“At the moment, care labour is about time and task, and can only highlight a problem if someone is there with the individual. What about when they aren’t? That can’t be right. Our technology can verify what carers are actually doing and help manage their visits. If family comes to visit on Tuesdays, there may be no point in the carer coming on the same day. Equally, when carers don’t turn up, notifications are sent out, which means vulnerable people aren’t left sitting around wondering what is happening.”
Of necessity, the technology is simple to use. There are plenty of options for those people who understand smartphones, but Alcove devices do not assume any technical know-how. Users simply press a picture of a face to call family or friends or a monitoring centre. The company has started to offer what they are calling ‘virtual concierge services’, where pressing an icon can prompt a concierge to book a cab or other service. This can be life- changing for people who struggle to get around, says Hellen.
To date, Hellen has targeted distribution through local councils, rather than the private market. She would rather sell 5000 units at a time than one, and has been all-too aware that companies trying to promote similar products to consumers have gone bust.
However, while technology adoption in the care sector had long made sense from a financial point of view – keeping people out of expensive care homes – local councils can be slow to make decisions. However, she has seen sales grow to multi millions with over 15,000 users. Deals in the pipeline promise to expand the user base by up to 4x. However, Hellen’s has never been a ‘get rich quick’ approach: “It is a long slog to build up a company, irrespective of what you get told by the tech media – and, irrespective of the odd ‘Facebook’ success story.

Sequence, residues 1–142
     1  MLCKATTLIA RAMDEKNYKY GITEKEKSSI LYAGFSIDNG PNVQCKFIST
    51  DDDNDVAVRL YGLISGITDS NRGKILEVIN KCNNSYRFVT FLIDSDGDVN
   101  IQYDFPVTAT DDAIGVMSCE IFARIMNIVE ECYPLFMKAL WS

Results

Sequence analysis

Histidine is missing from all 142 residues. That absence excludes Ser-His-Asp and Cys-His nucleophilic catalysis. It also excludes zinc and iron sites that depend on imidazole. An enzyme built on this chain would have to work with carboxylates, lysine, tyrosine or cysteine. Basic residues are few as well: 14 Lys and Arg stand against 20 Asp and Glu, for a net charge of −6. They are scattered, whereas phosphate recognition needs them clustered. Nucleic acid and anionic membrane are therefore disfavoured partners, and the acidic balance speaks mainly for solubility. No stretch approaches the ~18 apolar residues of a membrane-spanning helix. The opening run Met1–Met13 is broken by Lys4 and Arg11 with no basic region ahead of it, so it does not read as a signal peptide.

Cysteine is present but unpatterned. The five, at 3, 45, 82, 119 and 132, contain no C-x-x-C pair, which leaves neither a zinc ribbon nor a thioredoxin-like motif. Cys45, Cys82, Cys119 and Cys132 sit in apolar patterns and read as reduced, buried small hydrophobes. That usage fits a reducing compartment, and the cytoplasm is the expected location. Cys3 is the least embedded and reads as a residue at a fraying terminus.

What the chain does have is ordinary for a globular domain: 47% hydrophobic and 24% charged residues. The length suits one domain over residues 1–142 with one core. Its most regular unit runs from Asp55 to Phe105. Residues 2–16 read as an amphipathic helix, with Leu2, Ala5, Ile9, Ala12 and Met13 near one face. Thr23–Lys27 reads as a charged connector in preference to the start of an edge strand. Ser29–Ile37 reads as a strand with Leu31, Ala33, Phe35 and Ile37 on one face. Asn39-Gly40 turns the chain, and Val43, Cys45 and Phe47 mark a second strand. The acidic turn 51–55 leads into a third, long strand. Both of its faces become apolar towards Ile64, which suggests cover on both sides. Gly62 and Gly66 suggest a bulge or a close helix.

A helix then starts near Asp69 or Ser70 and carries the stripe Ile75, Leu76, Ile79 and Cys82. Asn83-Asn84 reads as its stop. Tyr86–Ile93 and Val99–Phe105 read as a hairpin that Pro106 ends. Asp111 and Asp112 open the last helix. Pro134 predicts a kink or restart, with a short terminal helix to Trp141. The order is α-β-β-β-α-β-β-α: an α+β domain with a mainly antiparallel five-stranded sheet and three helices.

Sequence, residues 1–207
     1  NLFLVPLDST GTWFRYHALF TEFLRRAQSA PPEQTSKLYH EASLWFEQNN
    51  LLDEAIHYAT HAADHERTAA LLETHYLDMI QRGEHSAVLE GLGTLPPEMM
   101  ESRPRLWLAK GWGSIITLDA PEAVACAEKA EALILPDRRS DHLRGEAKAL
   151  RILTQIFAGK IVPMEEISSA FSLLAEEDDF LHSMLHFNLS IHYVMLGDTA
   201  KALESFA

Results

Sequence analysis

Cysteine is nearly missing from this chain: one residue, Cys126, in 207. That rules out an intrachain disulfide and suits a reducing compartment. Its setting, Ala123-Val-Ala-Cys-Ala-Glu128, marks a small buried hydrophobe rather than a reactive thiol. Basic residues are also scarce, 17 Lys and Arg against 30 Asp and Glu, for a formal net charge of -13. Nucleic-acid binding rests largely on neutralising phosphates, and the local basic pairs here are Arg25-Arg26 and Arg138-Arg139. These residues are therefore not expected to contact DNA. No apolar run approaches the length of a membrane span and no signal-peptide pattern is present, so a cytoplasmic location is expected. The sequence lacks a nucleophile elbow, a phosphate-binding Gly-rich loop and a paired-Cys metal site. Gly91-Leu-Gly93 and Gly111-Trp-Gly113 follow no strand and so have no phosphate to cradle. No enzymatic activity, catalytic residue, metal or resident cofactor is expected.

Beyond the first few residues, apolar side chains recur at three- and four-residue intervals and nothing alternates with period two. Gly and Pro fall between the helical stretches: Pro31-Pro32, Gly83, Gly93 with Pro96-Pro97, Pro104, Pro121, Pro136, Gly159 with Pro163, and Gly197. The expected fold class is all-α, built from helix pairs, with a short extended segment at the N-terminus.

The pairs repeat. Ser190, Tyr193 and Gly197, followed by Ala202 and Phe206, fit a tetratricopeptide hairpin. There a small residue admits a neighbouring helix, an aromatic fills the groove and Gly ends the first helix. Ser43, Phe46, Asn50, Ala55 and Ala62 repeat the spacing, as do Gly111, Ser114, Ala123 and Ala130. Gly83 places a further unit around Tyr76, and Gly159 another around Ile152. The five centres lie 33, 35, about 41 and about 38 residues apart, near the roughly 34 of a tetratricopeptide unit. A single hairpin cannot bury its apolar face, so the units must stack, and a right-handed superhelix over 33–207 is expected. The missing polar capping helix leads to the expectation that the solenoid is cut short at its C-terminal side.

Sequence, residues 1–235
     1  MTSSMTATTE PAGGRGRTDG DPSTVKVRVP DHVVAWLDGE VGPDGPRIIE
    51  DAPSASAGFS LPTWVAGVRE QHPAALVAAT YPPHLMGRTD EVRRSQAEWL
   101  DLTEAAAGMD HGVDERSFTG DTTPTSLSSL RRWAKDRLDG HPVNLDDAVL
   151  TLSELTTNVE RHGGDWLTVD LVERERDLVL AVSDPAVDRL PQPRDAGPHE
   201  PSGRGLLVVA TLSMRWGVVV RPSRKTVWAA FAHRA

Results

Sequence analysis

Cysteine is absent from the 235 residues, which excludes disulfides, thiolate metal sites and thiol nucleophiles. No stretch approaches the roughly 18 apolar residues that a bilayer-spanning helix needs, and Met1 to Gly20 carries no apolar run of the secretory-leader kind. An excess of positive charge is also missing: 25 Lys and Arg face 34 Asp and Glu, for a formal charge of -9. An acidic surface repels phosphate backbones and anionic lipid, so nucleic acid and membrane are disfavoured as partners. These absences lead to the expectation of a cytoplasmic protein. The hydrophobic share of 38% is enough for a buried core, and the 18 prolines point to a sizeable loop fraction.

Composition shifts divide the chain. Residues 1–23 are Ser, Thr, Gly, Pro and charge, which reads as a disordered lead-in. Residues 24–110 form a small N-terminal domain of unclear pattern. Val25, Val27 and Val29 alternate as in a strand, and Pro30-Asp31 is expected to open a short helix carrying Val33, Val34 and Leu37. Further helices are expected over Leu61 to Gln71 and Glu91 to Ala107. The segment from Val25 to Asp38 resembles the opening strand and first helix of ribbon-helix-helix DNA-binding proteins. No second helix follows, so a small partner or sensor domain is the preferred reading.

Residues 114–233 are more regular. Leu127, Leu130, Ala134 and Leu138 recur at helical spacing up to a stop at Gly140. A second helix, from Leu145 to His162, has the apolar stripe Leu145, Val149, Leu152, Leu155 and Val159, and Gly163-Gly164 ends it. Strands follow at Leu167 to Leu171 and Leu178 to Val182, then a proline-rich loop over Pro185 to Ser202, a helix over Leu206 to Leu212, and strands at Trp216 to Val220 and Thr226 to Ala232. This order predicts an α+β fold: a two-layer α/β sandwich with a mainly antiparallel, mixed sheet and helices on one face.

As such, there can be a real mismatch between the expectations of entrepreneurs and reality. We have only taken very small amounts of capital, when we needed it, and avoided selling ourselves to venture capital or over expanding our overheads in the anticipation, that – ‘if you build it, they will come’. If I wanted to be owned by investors, I would have stayed in a job. Call me a traditionalist, but I never saw anything wrong with building a company that generated revenue and profit – and did so sustainably without relying upon other people’s money.”
This is a mistake many early stage companies make, she says: “They take on too much capital, expand too quickly, load up on overhead and believe that will create the business. Until, they run out of money and are ditched by their backers when the unit economics don’t emerge as promised, or the market hasn’t moved fast enough around the idea. It’s brutal – but, it’s business.” She has already turned down a number acquisition offers, and looks forward to scaling the company even further with the global market beckoning, but wanting to focus first upon harnessing the scale she is building in the UK market.
Much of the care system is not fit for purpose and in dire need of innovative thinking: “We believe we have the right product and the right services for this market. We will change the world of care.”